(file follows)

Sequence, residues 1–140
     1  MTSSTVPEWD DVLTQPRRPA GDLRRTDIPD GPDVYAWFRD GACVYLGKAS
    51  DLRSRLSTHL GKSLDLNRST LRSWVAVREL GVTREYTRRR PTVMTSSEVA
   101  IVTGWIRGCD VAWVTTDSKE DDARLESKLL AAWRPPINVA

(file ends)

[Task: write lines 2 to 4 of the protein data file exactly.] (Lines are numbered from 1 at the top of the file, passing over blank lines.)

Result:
     1  MTSSTVPEWD DVLTQPRRPA GDLRRTDIPD GPDVYAWFRD GACVYLGKAS
    51  DLRSRLSTHL GKSLDLNRST LRSWVAVREL GVTREYTRRR PTVMTSSEVA
   101  IVTGWIRGCD VAWVTTDSKE DDARLESKLL AAWRPPINVA